The Song of Achilles, by Madeline Miller
When I got the chance to read and review The Song of Achilles, I jumped at it. My biggest motivation was that it won the Orange Prize for Fiction for 2012, and I was impressed by last year’s winner, The Tiger’s Wife. The Song of Achilles is a retelling of The Iliad, the story of the Trojan War, and I was afraid that it would be long and dry, but that was not the case. My copy is 359 pages long, and I read it in 4 days, people. Here’s a plot summary from the back cover:
Achilles, “the best of all the Greeks,” son of the cruel sea goddess Thetis and the legendary king Peleus, is strong, swift, and beautiful— irresistible to all who meet him. Patroclus is an awkward young prince, exiled from his homeland after an act of shocking violence. Brought together by chance, they forge an inseparable bond, despite risking the gods’ wrath.
They are trained by the centaur Chiron in the arts of war and medicine, but when word comes that Helen of Sparta has been kidnapped, all the heroes of Greece are called upon to lay siege to Troy in her name. Seduced by the promise of a glorious destiny, Achilles joins their cause, and torn between love and fear for his friend, Patroclus follows. Little do they know that the cruel Fates will test them both as never before and demand a terrible sacrifice.
The story is told from the perspective of Patroclus, whom I had never even heard of before I read this book. Granted, my entire education in Greek myths is from a childhood spent rereading D’Aulaires’ Book of Greek Myths and an illustrated version of The Odyssey. And I feel like I should say this outright: when the book summary says that Achilles is torn between love and fear for his friend, it really means lover. Patroclus and Achilles are not just friends. So, fair warning. I was sort of anticipating this — I mean, it’s the ancient Greeks we’re talking about, here — and I think that Miller handled everything well in depicting their deep connection. She explains it more in an interview in the “P.S.” section at the end of my book:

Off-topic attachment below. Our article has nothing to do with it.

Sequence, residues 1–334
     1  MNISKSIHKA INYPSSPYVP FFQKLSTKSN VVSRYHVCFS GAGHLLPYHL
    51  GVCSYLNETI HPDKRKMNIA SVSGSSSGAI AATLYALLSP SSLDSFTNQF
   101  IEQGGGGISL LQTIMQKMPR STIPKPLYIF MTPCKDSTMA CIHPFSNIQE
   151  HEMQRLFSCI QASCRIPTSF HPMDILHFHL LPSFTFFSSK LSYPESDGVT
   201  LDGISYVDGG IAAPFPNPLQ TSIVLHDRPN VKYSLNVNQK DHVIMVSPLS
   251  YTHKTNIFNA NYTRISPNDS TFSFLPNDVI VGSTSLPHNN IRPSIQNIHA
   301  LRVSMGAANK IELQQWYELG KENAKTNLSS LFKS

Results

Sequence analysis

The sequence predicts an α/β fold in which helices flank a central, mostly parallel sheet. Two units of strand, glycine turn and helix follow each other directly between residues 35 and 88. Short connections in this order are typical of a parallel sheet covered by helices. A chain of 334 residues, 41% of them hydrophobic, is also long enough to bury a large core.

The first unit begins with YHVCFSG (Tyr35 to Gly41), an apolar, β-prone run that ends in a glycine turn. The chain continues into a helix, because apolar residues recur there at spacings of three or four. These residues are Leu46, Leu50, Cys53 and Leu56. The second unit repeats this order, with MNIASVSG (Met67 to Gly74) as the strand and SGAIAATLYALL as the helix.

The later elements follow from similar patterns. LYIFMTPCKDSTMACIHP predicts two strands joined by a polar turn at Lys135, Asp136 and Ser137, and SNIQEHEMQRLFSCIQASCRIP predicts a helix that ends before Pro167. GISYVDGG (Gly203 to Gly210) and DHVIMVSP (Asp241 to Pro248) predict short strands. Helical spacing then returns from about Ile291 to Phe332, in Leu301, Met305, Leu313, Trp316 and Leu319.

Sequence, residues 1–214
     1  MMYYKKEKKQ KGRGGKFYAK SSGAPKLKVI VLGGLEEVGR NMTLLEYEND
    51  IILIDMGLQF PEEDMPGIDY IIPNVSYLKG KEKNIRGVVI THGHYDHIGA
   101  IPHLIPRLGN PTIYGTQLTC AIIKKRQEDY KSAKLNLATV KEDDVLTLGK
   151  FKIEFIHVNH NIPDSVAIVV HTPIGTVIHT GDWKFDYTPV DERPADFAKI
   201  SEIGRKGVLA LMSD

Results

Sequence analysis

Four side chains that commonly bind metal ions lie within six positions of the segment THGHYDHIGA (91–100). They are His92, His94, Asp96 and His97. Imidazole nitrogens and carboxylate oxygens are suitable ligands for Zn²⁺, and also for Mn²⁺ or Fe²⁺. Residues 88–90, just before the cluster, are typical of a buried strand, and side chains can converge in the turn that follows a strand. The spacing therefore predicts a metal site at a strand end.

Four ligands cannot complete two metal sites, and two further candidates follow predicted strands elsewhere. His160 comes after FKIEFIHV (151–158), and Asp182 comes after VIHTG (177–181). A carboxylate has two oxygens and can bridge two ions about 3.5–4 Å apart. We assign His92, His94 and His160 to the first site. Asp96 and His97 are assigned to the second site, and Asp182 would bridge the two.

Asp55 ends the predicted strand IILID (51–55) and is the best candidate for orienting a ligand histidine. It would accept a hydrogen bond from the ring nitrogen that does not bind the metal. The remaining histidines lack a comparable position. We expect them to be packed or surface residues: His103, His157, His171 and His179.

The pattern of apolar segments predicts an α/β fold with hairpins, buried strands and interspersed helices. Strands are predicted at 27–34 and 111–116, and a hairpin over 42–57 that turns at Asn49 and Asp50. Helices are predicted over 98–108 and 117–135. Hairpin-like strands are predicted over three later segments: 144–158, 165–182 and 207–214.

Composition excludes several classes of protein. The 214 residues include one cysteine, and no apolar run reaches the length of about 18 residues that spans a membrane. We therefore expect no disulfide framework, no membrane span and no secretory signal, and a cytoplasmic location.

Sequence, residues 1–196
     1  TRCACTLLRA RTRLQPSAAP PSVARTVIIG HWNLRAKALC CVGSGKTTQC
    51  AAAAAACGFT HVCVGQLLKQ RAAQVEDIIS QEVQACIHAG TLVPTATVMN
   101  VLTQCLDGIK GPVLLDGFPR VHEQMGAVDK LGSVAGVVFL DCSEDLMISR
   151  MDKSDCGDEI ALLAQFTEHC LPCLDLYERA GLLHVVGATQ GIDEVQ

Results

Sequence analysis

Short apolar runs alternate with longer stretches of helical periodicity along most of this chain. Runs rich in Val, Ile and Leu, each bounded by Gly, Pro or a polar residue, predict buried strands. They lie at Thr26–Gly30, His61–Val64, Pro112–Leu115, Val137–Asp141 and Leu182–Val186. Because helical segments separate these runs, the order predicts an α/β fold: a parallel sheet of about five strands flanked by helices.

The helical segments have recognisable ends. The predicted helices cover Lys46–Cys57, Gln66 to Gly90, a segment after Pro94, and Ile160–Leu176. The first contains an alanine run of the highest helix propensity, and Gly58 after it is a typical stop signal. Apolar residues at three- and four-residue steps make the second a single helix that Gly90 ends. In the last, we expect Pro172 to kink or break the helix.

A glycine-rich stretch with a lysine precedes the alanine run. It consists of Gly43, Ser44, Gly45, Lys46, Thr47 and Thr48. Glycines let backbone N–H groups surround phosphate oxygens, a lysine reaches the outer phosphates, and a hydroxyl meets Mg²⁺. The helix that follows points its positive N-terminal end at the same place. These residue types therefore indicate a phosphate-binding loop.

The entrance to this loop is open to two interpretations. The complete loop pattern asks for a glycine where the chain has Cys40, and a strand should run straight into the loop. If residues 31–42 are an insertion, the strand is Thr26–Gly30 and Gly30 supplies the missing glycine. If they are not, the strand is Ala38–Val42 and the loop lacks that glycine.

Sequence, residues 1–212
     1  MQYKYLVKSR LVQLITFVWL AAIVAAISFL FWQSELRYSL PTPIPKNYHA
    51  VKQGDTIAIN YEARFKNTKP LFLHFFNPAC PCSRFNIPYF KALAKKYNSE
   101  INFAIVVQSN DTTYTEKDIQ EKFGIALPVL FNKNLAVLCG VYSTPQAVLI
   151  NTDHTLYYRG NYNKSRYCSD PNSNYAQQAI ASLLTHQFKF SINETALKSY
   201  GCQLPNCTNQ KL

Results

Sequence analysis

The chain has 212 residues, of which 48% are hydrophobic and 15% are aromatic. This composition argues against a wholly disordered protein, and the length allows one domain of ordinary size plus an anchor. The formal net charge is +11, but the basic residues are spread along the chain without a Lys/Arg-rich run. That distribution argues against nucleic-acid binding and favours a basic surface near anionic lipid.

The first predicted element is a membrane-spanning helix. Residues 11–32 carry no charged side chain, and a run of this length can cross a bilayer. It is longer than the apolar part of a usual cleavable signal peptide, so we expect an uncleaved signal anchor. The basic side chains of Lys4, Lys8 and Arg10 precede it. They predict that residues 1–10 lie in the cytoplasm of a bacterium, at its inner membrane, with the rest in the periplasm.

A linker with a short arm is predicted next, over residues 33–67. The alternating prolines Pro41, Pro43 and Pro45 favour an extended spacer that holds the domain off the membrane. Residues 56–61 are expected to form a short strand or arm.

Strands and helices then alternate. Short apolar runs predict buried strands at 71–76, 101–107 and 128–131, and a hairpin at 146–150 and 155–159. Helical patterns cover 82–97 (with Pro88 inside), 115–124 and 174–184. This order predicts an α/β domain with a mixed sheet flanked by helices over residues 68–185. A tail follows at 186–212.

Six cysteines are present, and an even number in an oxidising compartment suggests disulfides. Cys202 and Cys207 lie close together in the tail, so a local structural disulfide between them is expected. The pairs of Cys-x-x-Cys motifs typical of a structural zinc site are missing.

Giving [Patroclus] a voice felt a little like standing up for him, like some kind of Lorax of ancient Greek mythology. I had been intensely frustrated by a number of articles I had read that kept sidestepping the love between him and Achilles, which to me felt so obviously at the story’s heart. [...] So partially I was propelled by a desire to set the record straight, as I saw it.
I was most pleasantly surprised by the treatment of time. How do you handle growing up through adolescence, a few years of education with a centaur, and more than 10 years fighting the Trojan War? I loved when Miller set up the scene, say, the lessons from Chiron, gave examples of the boys’ daily routine, and then said something like, “And then we were there for 2 years.” Great! Moving on! I felt like I had a full picture of that phase, but she didn’t dawdle or draw anything out. The description was lush and complete, but I never found myself thinking, “Okay, I get it about the palace.” Even the fighting scenes were impressively concise. It all worked together to keep the plot moving and the pages turning. It’s quite a trick to compel me to keep reading a book when I basically know the ending, but I could not put it down.
It occurred to me that maybe I liked it so much because my knowledge of Greek myths is purely recreational and not at all thorough. But I mentioned the book to Mary Frances via e-mail, and she told me that she read it last summer and loved it! She said it made her fall in love with the classics again. Look at that! Straight from an authentic Latin teacher! A scholar! So, yeah, this book can hang with the classicists.
One last point. You know the thing with the heel? Achilles’ heel? Yeah. Apparently, that is not a thing, at least not at the writing of The Iliad. If you read this book, don’t hold your breath waiting for a devastating heel incident. Miller says:
Achilles has many more myths about him than I included in the story, and deciding which to leave out was one of the most important structural decisions I made. Some of the ones I cut were actually quite well-known stories — like Achilles’ vulnerable heel. For some reason (and I know this sounds silly, given that there is a centaur in my novel), I have always found that story very unrealistic. After all, who dies from being shot in the heel?
Well, that makes sense.
I think The Song of Achilles is a very strong debut novel and definitely a book worth reading. If you’d like to give it a try, leave a comment here by next Friday, October 5, and I’ll randomly choose a person out of those commenters who will receive my copy in the mail. Then that person can pass it along to the next person, and we will have a lovely, book-passing-along party! Huzzah!
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Update: This giveaway is now closed. Congratulations to Erin!
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I received this book for free from HarperCollins.